“I brewed a beer a wee while back called Big Tahuna IPA, which also used saltwater, and I thought it would be interesting to do the same for this Gose,” he says.
“It was a little more challenging than just measuring out salt and pouring it in! There was quite a bit of chemistry involved in trying to get the right amount of salt from the seawater.
“I just used some stats on our local water in terms of how much sodium chloride is present in our seawater.
“That seawater was boiled up to be sterilised, and then I calculated it back from what I thought was going to give a good perception. Then I just tasted the wort!
“So I put some in prior to the souring, tasted it once it was sour, and then added a little bit more saltwater at the second boil.”
Kelly used his house yoghurt bacteria to sour the brew – the same used to sour his beers, Sourbet, Tainted Love & Yoghurt & Bruesli – and then added some ground Indian Coriander.
“You get two different types of coriander – a round and oval seed – and I went with the oval seed, Indian Coriander, because it’s a lot more citrusy,” he says.
“And it’s really cool because you kind of get this perceived savoury character in the beer, almost kind of like celery salt. So it has celery tonic character to it.
“It’s always a challenge to work out how much coriander and salt to add. It’s just a bit of educated guesswork.
“With a Gose you don’t want it to be understated, otherwise, it’s a Berliner Weisse. And you want to have that salt character present, but then you don’t want it too salty.”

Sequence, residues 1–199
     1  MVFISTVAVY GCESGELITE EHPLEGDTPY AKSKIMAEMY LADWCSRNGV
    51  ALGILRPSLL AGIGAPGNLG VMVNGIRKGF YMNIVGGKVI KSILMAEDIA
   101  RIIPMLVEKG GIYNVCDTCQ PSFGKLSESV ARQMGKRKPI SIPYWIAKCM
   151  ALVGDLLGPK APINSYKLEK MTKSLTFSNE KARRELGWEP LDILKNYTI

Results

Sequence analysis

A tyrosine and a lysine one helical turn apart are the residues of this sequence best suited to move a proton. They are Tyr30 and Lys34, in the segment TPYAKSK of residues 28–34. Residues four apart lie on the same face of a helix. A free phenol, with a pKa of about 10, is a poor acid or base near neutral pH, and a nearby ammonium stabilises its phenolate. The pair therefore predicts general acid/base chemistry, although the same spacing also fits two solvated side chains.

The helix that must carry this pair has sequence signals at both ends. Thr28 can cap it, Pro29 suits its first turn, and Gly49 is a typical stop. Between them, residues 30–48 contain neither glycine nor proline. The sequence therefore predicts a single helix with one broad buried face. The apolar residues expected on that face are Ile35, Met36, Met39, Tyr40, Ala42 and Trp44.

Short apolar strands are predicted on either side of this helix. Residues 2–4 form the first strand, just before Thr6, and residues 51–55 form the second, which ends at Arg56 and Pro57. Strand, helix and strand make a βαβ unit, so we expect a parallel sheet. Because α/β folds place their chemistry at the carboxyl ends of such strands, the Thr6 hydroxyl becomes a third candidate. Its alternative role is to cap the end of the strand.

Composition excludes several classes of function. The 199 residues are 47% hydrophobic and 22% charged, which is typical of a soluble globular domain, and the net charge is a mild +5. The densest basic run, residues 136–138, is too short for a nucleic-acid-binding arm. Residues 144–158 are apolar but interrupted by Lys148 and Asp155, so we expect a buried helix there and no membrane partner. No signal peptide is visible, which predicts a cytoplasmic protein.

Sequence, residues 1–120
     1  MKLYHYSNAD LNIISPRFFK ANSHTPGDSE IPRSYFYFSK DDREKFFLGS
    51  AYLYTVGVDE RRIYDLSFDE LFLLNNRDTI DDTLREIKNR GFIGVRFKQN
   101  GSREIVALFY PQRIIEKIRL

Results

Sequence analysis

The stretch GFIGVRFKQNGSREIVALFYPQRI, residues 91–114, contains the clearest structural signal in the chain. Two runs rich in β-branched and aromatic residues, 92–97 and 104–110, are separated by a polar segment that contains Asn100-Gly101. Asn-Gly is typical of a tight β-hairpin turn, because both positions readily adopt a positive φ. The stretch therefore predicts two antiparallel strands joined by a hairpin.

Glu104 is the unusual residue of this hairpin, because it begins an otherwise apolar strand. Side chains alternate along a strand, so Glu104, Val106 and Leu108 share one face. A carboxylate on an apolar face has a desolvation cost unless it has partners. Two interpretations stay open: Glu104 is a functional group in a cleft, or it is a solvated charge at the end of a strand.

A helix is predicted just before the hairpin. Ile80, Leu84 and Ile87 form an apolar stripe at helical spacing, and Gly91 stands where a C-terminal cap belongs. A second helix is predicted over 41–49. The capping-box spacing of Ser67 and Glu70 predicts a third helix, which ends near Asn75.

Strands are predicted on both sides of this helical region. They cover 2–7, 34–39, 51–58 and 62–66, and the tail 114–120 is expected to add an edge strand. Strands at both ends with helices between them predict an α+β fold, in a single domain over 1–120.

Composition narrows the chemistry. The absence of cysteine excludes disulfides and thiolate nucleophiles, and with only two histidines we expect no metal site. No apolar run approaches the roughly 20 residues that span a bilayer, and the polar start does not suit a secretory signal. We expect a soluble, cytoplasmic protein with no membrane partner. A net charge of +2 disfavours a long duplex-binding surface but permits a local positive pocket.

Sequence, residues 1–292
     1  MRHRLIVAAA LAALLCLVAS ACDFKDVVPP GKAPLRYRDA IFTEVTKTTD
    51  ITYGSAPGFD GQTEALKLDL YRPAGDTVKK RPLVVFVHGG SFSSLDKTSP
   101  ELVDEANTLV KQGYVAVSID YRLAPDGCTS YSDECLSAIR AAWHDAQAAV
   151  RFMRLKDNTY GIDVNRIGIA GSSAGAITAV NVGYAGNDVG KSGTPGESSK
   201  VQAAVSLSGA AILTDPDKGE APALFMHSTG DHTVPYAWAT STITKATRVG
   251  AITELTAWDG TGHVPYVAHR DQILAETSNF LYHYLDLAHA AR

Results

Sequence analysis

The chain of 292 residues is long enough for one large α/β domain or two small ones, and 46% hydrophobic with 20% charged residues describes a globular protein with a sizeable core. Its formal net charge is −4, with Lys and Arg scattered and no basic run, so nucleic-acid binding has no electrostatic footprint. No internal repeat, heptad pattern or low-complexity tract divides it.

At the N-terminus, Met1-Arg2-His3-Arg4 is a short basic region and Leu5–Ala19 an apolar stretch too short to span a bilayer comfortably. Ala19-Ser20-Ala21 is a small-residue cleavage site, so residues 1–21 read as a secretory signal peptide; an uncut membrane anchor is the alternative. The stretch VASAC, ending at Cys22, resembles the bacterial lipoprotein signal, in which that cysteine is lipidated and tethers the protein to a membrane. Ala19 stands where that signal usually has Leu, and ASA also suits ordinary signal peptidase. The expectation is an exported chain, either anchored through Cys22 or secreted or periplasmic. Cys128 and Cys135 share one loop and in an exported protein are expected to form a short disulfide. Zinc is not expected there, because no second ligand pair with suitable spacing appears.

Kel filtered the beer quite coarsely, as, traditionally, this style of beer isn’t filtered.
“There’s still a little bit of yeast in it – I didn’t want big, loping bits of yeast, which is why I decided to filter it. And it also used a wheat malt; so that gives the beer a lovely, cloudy, wheat malt haze from the protein of the wheat.”
The final beer is a sessionable, white palate, very pale beer with a low bitterness, bittered with Southern Cross, a New Zealand hop.
“Generally, a Gose ABV would sort of be around 4-5%,” says Kelly.
“I did mine a wee bit lower at 3.7% just because I wanted something quite tart, quenching, refreshing and drinkable. As much as I love beers that are around that 4-5% mark for drinkability, this is a good test run for a beer, which could eventually be a really awesome summer drinking beer.”
Kelly calls Puns N’ Goses “the ultimate fish and chip beer”.
“Just with that saltiness! As long as the fish and chips aren’t over salted, along with that citrusy tang, which is like a squeeze of lemon juice on your fish, with a really good dill aioli or mayonnaise – I reckon it would be legit.”
Better gose and try some this Wednesday.
Footnote: We cannot promise the Gose puns will be put to bed with this brew.
Puns N’ Goses Tasting Notes
Flavour: Puckering sourness dominates the palate with hints of lemon zest, coriander spice and celery salt. Wheat malt contributes a smooth body with a subtle, bready character.
Aroma: Freshly squeezed lemon juice with a hint of candied-fruit ester. Slightest hint of ocean spray in the background.
Look: Pale yellow with a cloudy hue.
Hops: Southern Cross
Malt: Pilsener, Wheat, Rye, Sour Grapes
Yeast: House Strain, Warm-Fermented
Other: Soured with blend of Lactobacillus delbrueckii and Streptococcus thermophiles. Ground Indian Coriander Seeds and Cook Strait Sea Water.